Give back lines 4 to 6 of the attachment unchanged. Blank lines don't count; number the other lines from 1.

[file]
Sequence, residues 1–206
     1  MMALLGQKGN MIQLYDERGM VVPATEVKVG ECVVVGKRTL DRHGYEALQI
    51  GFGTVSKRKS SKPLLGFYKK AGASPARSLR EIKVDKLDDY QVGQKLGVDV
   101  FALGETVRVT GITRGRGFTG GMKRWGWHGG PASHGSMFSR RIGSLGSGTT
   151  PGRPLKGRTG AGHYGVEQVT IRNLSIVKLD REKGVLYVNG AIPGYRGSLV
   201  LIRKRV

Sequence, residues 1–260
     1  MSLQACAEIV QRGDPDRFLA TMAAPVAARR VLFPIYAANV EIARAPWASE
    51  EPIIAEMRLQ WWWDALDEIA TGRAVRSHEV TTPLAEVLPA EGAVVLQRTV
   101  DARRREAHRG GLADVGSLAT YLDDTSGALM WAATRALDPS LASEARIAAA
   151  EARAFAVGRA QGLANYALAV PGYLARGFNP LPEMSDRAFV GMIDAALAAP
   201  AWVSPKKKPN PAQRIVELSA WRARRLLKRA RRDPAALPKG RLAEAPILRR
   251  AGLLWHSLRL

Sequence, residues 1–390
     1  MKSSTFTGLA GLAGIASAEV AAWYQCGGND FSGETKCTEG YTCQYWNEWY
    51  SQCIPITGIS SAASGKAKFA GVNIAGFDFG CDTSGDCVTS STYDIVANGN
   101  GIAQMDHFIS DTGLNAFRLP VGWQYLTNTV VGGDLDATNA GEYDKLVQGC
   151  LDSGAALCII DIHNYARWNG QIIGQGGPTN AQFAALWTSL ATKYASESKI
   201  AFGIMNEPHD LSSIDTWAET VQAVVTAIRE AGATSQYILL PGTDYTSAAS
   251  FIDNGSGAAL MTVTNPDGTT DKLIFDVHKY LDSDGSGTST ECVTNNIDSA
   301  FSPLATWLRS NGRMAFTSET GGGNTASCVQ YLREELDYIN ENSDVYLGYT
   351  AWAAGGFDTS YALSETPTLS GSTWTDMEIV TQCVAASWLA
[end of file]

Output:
   101  FALGETVRVT GITRGRGFTG GMKRWGWHGG PASHGSMFSR RIGSLGSGTT
   151  PGRPLKGRTG AGHYGVEQVT IRNLSIVKLD REKGVLYVNG AIPGYRGSLV
   201  LIRKRV